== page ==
On the coast, the Nahua community of Santa María Ostula is under attack by criminal organizations which have penetrated the territory to the southeast of the municipality of Aquila and, through death and looting, attempt to dismantle the community’s autonomous organization and community security in order to bring back to the area terror and the extraction and exploitation of natural resources and communal lands.

On February 5 of this year, five community police from San Pedro Naranjestil, to the south of the municipality of Aquila affiliated with the municipal police, were kidnapped by members of the Marines who later turned them over to the organized crime groups led by Jesús Cruz Virrueta (alias Chuy Playas), Fernando Cruz Mendoza (alias El Tena), José María Cruz (alias el Tunco), Federico González Medina (alias Lico) and Mario Álvarez López (alias El Chacal). This act has been followed by actions impeding operations by the self defense groups of the Aquila, Chinicuila, and Coahuayana municipalities to detain members of organized crime.

To the former we must add the frequent instances in which the armed forces of the bad government have acted in coordination with criminal gangs against the indigenous community of Santa María Ostula, which has contributed to the collective grief and the demand for justice for the 34 community members who were murdered and the 5 who are disappeared.

In the state of Querétaro

The bad government is unjustly holding prisoner the indigenous Ñhañhú compañero Raymundo Pascual García, of San Ildefonso, Amealco, Querétaro, who was detained along with other compañeros for participating with his community in the protests against the gas hikes. We also denounce the continued plunder of the lands of the Fundo Legal of the Galeras and La Peñuela communities in the municipality of Colón though the corrupt actions of the bad governments and political parties.

As a consequence, the peoples, nations, and tribes who make up the National Indigenous Congress declare that:

  1. We hold the municipal president and the commissioner of the bienes comunales of San Francisco del Mar responsible for the violent acts in Ikoot territory and the attempt at land dispossession. We denounce the complicity between well known state and federal authorities and politicians and we demand clarification of the events and punishment of those responsible for the shots fired during the assembly. We demand respect for the legitimate right of the people of San Francisco del Mar to determine the destiny of their lands and natural resources.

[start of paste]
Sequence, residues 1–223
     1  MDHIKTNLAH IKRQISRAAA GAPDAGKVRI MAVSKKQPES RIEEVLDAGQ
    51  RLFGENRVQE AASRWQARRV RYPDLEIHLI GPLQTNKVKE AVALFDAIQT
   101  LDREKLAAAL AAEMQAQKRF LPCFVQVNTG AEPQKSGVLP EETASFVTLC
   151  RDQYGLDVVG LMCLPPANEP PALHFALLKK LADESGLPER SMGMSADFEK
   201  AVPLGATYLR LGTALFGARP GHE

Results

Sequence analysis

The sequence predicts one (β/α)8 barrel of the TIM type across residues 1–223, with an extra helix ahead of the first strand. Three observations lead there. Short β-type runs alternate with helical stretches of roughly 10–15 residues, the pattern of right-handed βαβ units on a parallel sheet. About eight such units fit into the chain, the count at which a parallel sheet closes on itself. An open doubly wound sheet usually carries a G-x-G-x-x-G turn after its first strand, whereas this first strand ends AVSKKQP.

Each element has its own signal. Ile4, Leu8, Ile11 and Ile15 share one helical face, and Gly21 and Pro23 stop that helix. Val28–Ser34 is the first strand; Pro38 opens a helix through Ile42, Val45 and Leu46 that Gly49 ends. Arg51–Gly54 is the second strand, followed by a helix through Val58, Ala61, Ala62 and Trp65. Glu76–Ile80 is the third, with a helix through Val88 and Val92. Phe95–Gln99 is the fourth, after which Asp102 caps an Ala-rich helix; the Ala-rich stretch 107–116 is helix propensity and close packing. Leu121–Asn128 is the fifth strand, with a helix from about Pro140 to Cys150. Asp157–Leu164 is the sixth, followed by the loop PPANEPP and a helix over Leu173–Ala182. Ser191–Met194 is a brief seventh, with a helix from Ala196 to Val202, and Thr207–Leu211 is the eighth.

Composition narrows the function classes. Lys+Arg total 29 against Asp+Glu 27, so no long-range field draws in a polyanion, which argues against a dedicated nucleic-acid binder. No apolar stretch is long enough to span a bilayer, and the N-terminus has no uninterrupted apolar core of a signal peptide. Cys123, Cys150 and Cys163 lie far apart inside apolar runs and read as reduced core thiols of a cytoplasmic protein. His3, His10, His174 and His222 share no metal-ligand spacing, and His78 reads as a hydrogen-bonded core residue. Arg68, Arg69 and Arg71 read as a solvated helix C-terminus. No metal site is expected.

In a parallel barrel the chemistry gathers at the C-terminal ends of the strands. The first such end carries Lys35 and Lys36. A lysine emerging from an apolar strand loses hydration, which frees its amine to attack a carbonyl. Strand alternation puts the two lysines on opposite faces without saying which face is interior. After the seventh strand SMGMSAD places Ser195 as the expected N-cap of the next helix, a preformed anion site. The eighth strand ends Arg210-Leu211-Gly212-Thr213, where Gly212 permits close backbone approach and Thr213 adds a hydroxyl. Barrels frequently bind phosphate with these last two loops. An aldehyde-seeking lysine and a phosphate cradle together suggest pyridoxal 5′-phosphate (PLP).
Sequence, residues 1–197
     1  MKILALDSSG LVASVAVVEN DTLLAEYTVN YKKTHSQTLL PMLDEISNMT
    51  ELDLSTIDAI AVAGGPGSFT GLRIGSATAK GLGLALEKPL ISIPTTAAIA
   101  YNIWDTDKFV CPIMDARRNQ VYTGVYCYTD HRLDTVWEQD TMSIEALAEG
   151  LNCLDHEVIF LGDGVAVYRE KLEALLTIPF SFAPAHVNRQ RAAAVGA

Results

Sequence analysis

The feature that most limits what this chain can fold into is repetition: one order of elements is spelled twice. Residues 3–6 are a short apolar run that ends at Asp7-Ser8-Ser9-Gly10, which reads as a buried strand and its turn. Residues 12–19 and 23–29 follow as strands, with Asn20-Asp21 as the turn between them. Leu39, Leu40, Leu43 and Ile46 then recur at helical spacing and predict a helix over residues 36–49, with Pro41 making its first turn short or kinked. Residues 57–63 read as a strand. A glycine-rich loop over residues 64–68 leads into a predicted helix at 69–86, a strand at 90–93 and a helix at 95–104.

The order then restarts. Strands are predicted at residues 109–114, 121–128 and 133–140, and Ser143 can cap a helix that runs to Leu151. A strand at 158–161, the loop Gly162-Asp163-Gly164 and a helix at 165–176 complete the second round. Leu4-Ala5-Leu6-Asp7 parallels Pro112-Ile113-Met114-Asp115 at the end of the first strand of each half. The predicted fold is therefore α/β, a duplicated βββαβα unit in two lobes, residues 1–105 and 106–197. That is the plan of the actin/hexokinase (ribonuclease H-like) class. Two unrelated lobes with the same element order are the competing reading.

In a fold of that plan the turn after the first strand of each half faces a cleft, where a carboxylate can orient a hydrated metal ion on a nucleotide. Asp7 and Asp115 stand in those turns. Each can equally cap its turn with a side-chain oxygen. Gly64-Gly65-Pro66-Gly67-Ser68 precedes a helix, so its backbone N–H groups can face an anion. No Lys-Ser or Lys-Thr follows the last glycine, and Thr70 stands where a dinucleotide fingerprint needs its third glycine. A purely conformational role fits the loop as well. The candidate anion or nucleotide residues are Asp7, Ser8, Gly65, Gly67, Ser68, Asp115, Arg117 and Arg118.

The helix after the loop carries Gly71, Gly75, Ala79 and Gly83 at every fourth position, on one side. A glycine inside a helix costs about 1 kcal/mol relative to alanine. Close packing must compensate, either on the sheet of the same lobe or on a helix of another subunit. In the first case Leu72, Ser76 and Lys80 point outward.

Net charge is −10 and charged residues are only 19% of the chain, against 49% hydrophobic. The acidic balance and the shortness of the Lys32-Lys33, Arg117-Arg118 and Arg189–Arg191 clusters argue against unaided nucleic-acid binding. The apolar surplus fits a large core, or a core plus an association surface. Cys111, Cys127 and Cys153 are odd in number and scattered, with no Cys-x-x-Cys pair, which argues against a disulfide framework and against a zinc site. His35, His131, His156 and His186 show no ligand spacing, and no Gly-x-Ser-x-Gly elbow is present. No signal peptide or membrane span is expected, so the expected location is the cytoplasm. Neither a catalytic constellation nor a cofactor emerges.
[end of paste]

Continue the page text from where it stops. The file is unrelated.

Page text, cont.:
2. We demand that the autonomy and communitarian organization of Santa María Ostula be respected. We demand the arrest of Jesús Cruz Virrueta (alias Chuy Playas), Fernando Cruz Mendoza (alias El Tena), José María Cruz (alias el Tunco), Federico González Medina (alias Lico), and Mario Álvarez López (alias El Chacal), the dismantling of the political and economic structure that sustains them, the punishment of the soldiers and politicians responsible for the murder of the child Hidelberto Reyes Garcia and all of the murdered community members, the cancellation of arrest warrants for the [community police] commanders in Ostula and the Sierra Costa region, the return of the disappeared, and absolute respect for the communal territory of Ostula.
  3. We demand immediate and absolute freedom for the compañero Raymundo Pascual García from San Ildefonso, Amealco, Querétaro, who was detained for protesting with his community against the gas hikes imposed by the bad government, a halt to land dispossession in the communities of Galeras and La Peñuela in the municipality of Colón, Querétaro, and punishment of those responsible for the unjust imprisonment of over 3 years of the Ñhañhu indigenous compañeras of Amealco, Querétaro, Jacinta Francisco Marcial, Alberta Alcántara Juan and Teresa González.

We say to our brothers and sisters of the Ikoot, P´urhépecha, Nahua and Ñhañu peoples in these regions and the rest of the country who everyday sustain our hope, rebellion, and dignity with their struggle: you are not alone. In the colors, tongues, and geographies that make up the CNI, we are you; your yearning for justice is ours, your pain is ours, and your demand, which brings into bloom the birth of another world, is our heart and our unwavering certainty.

Until dignity becomes tradition

Freedom for all of the political prisoners
Return of the disappeared
Justice for San Francisco del Mar
Justice for Calzonzin
Justice for Santa María Ostula
Justice for the Ñhañu people of Querétaro


For the Full Reconstitution of Our Peoples
Never Again a Mexico Without Us
March 2017

National Indigenous Congress

Ké Huelga Radio

(Español) Convocatoria a mitín popular contra el despojo de las inmobiliarias en CDMX

Sorry, this entry is only available in Mexican Spanish. For the sake of viewer convenience, the content is shown below in the alternative language. You may click the link to switch the active language.

A un año de la lucha en defensa del agua en Av Aztecas 215

Mitin popular contra el despojo de las inmobiliarias

La actividad se realizará este viernes 24 de febrero de 2 a 5 pm en las oficinas de la inmobiliaria ecocida quiero casa que se encuentra en Av Ejército Nacional 425, Col. Granada, cerca del metro Polanco.

!Fuera Quiero Casa!

!Alto al estado inmobiliario!

Promo invitación:

(Sigue este link para escuchar el promo)

Convocan: Asamblea General de los Pueblos, Barrios, Colonias y Pedregales de Coyoacán.

Comunidad Indígena de Santa María Ostula